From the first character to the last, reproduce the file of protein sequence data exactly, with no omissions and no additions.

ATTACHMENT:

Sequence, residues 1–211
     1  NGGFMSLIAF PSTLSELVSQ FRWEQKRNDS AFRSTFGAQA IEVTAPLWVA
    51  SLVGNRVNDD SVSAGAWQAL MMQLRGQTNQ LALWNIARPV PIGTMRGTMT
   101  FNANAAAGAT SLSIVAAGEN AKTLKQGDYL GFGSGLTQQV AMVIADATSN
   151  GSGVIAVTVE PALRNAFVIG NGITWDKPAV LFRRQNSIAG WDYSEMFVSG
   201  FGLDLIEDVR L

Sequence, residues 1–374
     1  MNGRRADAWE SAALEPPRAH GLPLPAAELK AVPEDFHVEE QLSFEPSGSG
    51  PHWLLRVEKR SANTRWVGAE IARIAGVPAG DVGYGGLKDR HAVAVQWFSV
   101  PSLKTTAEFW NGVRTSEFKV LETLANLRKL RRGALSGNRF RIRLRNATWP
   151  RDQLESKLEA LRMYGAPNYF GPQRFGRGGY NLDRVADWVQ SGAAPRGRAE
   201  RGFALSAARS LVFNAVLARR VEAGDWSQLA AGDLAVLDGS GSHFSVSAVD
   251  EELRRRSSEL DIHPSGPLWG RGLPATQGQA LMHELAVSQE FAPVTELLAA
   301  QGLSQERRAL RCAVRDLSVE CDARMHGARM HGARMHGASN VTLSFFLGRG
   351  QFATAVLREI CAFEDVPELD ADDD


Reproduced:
Sequence, residues 1–211
     1  NGGFMSLIAF PSTLSELVSQ FRWEQKRNDS AFRSTFGAQA IEVTAPLWVA
    51  SLVGNRVNDD SVSAGAWQAL MMQLRGQTNQ LALWNIARPV PIGTMRGTMT
   101  FNANAAAGAT SLSIVAAGEN AKTLKQGDYL GFGSGLTQQV AMVIADATSN
   151  GSGVIAVTVE PALRNAFVIG NGITWDKPAV LFRRQNSIAG WDYSEMFVSG
   201  FGLDLIEDVR L

Sequence, residues 1–374
     1  MNGRRADAWE SAALEPPRAH GLPLPAAELK AVPEDFHVEE QLSFEPSGSG
    51  PHWLLRVEKR SANTRWVGAE IARIAGVPAG DVGYGGLKDR HAVAVQWFSV
   101  PSLKTTAEFW NGVRTSEFKV LETLANLRKL RRGALSGNRF RIRLRNATWP
   151  RDQLESKLEA LRMYGAPNYF GPQRFGRGGY NLDRVADWVQ SGAAPRGRAE
   201  RGFALSAARS LVFNAVLARR VEAGDWSQLA AGDLAVLDGS GSHFSVSAVD
   251  EELRRRSSEL DIHPSGPLWG RGLPATQGQA LMHELAVSQE FAPVTELLAA
   301  QGLSQERRAL RCAVRDLSVE CDARMHGARM HGARMHGASN VTLSFFLGRG
   351  QFATAVLREI CAFEDVPELD ADDD